The Political Economy of International Trade Law: Essays in Honor of Robert E. Hudec

By Daniel L. M. Kennedy; James D. Southwick | Go to book overview
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WTO decision-making: Is it reformable?

The task confronting …all who seek to set up a constitution of a particular kind, is not only, or even mainly, to set it up, but rather to keep it going.


Preliminary remarks

The riotous fiascos in Seattle, in London and Berlin on May Day and, more recently, in Nice at the summit of the European Union have at least one thing in common: some measure of popular disaffection with the workings of intergovernmental constitutions. It therefore seems appropriate and timely to raise certain issues of World Trade Organisation (WTO) institutional reform again. After all, such debates, both in governmental and academic circles, have all along accompanied the birth and lifetime of the General Agreement on Tariffs and Trade (GATT)2 and, of course, featured prominently immediately prior to, during and after the Uruguay Round of Multilateral Trade Negotiations (UR).3 Furthermore,

Aristotle, The Politics, VI.5 (T. A. Sinclair trans.), cited in Philip Allott, The Crisis of European Constitutionalism: Reflections on the Revolution in Europe, 34 Common Mkt. L. Rev. 439, 439–490 (1997).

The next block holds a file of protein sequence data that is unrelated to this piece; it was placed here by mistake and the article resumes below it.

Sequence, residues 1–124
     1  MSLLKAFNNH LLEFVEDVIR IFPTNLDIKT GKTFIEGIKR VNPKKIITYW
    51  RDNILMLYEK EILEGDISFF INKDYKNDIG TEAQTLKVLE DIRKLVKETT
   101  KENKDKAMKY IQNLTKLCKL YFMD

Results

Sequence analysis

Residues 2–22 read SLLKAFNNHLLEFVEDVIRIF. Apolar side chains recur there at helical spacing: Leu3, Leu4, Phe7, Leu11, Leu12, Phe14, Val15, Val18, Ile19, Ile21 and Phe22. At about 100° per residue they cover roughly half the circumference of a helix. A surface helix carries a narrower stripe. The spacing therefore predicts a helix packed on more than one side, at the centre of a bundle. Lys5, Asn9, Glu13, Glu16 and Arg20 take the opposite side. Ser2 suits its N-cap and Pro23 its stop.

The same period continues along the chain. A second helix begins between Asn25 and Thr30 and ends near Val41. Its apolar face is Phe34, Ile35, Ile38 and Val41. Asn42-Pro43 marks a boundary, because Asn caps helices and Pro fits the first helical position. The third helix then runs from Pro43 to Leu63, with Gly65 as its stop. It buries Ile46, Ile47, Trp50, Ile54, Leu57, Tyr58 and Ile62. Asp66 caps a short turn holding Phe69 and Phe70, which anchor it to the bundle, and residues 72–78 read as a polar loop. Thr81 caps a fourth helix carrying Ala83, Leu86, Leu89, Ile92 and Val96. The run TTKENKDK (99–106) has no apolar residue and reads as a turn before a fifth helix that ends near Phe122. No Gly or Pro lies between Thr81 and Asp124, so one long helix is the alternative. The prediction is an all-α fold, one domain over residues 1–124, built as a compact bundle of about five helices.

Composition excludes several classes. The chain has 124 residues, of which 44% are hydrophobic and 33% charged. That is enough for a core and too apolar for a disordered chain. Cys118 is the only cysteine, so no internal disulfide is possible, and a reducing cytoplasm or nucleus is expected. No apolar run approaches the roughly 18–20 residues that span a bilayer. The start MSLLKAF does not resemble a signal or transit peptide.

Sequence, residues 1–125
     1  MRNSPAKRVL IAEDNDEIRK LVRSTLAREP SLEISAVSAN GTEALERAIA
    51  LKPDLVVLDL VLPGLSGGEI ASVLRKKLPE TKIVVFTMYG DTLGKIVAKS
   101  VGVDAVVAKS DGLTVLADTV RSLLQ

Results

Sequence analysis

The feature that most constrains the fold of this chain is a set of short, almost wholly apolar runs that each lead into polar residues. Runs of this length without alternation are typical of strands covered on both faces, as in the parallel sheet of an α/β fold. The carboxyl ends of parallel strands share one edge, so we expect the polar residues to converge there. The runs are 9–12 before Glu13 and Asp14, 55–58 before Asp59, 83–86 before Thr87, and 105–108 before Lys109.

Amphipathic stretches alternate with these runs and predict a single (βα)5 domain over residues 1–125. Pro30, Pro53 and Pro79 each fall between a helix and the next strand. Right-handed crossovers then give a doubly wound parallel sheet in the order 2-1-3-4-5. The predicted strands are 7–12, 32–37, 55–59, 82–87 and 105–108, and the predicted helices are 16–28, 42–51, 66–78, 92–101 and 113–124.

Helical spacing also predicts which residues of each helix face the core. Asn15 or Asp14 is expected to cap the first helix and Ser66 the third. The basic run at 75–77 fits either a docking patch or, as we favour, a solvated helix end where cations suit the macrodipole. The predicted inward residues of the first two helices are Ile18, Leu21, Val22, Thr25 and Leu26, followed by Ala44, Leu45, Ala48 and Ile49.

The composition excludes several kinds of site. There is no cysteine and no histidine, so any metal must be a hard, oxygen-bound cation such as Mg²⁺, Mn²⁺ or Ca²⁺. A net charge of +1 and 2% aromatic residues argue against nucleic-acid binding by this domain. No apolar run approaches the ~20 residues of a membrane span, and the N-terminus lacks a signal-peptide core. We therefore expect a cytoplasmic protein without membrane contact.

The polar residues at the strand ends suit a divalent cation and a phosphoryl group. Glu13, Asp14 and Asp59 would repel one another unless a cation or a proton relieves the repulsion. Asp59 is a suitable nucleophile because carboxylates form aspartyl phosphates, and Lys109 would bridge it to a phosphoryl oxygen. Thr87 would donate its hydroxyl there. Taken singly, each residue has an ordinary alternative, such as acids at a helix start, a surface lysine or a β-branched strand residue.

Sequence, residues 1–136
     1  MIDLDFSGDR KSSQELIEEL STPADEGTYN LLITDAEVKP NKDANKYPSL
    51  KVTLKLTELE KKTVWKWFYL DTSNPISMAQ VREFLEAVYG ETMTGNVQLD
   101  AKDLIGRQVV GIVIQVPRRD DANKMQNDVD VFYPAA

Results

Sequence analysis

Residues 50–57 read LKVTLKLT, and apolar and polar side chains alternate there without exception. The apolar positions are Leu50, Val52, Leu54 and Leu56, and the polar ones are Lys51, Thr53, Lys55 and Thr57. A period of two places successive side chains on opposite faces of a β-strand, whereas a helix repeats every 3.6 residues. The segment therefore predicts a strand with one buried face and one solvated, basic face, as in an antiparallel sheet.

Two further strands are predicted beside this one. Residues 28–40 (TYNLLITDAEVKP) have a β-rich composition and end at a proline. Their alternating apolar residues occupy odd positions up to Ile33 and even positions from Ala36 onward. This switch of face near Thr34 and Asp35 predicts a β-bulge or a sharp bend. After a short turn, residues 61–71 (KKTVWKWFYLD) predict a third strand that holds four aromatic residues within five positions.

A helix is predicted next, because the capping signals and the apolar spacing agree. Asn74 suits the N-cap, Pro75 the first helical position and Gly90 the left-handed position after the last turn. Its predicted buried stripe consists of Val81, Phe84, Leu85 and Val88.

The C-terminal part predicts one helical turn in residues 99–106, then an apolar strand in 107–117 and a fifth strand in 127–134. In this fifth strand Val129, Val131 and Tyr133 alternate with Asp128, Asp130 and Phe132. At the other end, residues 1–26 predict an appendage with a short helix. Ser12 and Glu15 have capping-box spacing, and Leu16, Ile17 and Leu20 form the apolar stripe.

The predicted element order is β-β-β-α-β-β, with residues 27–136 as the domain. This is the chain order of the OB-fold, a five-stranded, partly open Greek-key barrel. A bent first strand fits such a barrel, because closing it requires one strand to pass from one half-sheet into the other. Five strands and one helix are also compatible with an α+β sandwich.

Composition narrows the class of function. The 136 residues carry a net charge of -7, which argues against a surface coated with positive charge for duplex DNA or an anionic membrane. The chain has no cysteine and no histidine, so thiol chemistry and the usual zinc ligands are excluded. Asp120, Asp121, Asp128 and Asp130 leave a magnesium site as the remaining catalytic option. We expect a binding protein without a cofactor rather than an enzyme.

See Philip Cortney, The Economic Munich:The I. T. O. Charter, Inflation of Liberty, The 1929 Lesson (Philosophical Library, 1949); L. P. Imhoff, GATT (1952); Guenther Jaenicke, Das Allgemeine Zoll- und Handelsabkommen, Rechtsgrundlagen und Rechtsprobleme, 7 Archiv des Völkerrechts 371–420 (1957/1958); Charles H. Alexandrowicz, World Economic Agencies:Law and Practice (1962); Kenneth Dam, The GATT: Law and International Economic Organization (1970); Gerard Curzon, Multilateral Commercial Diplomacy– The GATT and Its Impact on National Commercial Policies and Techniques (1965); Thiebaut Flory, Le GATT: Droit international et commerce mondial (1968); Peter Bratschi, Allegemeines Zoll- und Handelsabkommen, GATT (Zurich 1973); Robert E. Hudec, The GATT Legal System and World Trade Diplomacy (1975); John H. Jackson, World Trade and the Law of GATT (1969); John H. Jackson, Legal Problems of International Economic Relations (1977); Ernst-Ulrich Petersmann, International Governmental Trade Organizations–GATT and UNCTAD, 17 International Encyclopedia of Comparative Law, atch. 25 I (1979).
Ernst-Ulrich Petersmann, The WTO Constitution and the Millennium Round, in New Directions in International Economic Law, Essays in Honour of John H. Jackson 111–133 (Kluwer, Marco Bronckers & Reinhard Quick eds., 2000); Ernst-Ulrich Petersmann, How to Constitutionalize International Law and Foreign Policy for the Benefit of Civil Society, 20 Michigan J. Int'l L. 1–30 (1998); John H. Jackson, Reflections on Restructuring the GATT, in Completing the Uruguay Round:AResultsOriented Approach to the GATT Trade Negotiations 205–224 (Institute for International Economics, Jeffrey J. Schott ed., 1990); John H. Jackson, Restructuring the GATT System (1990); Victoria Curzon Price, New Institutional Developments in GATT, 1 Minnesota J. Global Trade 87 (1992); Thiebaut Flory, L'n mondiale du commerce (Bruylant, 1999); Asif H. Qureshi, The World Trade Organization:Implementing International Trade Norms (Manchester University Press, 1996); Richard Senti &Patricia Conlan, WTO– Regulation of World Trade After the Uruguay Round (Schulthess Polygraphischer Verlag, 1998); Thomas J. Dillon, Jr., The World Trade Organization: A New Legal Order For World Trade?, 16 Michigan J. Int'l L. 349–402 (1995).


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